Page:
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Jesus And The Dominion Mandate

The prophets made it clear that, like Adam, the coming King was to rule over the entire world . . . .

                            —David Chilton, Paradise Restored (1985)

A Little Lower than the Angels

adam eve mandateDavid wrote these words nearly three thousand years after Adam fell into sin:

3  When I consider thy heavens, the work of thy fingers, the moon and the stars, which thou hast ordained;

4  What is man, that thou art mindful of him? and the son of man, that thou visitest him?

5  For thou hast made him a little lower than the angels, and hast crowned him with glory and honour.

6  Thou madest him to have dominion over the works of thy hands; thou hast put all things under his feet:

7  All sheep and oxen, yea, and the beasts of the field;

8  The fowl of the air, and the fish of the sea, and whatsoever passeth through the paths of the seas.

9  O LORD our Lord, how excellent is thy name in all the earth.

This psalm is a summary of the Dominion Mandate.  In it, David reminds us that God made man to have dominion over the works of His hands (v. 6).  Then, in language drawn from Genesis 1, David lists some of man’s subjects—sheep, oxen, and such.  The psalm is a hymn of praise to God for His mercy in creating man as the pinnacle of the earthly creation.  Interestingly, David doesn’t speak of that mercy as something wasted or pointless.  He doesn’t lament God’s plan for mankind as a tragic failure. Rather, he celebrates it and praises God for it.  Hebrews 2 explains why.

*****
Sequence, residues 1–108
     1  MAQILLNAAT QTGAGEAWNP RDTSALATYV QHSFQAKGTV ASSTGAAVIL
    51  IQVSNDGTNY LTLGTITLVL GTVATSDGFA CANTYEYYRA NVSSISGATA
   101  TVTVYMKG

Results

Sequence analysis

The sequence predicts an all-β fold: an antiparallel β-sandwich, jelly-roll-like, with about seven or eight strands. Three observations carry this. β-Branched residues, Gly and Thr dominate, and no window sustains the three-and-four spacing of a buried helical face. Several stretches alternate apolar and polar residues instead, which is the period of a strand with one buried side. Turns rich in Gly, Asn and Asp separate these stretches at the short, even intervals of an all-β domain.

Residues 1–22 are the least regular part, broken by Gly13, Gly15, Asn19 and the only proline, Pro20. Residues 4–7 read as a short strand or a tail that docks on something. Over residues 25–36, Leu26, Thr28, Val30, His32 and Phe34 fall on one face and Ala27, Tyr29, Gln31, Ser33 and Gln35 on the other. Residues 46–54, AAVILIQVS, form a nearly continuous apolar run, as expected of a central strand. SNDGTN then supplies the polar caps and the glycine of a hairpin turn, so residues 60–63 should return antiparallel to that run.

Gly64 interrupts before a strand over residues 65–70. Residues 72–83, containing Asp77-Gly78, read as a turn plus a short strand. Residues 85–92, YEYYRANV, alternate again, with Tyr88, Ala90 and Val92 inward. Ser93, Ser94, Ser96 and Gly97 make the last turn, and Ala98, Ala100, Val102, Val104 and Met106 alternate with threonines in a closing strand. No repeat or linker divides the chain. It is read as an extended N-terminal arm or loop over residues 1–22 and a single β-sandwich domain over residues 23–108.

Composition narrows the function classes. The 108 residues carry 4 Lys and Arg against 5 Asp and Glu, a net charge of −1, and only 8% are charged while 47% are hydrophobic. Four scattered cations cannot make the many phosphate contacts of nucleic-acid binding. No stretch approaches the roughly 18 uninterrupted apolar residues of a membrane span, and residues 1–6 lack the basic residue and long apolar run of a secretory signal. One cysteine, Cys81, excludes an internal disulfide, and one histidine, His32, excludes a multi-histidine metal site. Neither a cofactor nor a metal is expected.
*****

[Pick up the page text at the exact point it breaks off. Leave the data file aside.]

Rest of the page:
But We See Jesus

The author of Hebrews begins his book by telling his readers about the excellencies of Jesus the Messiah.  He is greater than all angels. He is God’s final and complete revelation to man.  He is the heir of all things and the Creator of the universe.  He is the brightness of the Father’s glory, the express image of His Person. He upholds all things by the word of His power. He has, by Himself, dealt with our sins once for all. He is, according to the Bible, seated on the right hand of God (Heb. 1:1-3).  He is Elohim, Adonai, and Yahweh (vv. 8-13).  He is Lord of the world to come.

The world to come is the Kingdom of God, the new creation begun in Christ and perfected in the Resurrection, a world that we see and lay hold of now by faith (Heb. 12:22-24).  The writer points out that this new world order isn’t subject to angels.  Then he quotes Psalm 8.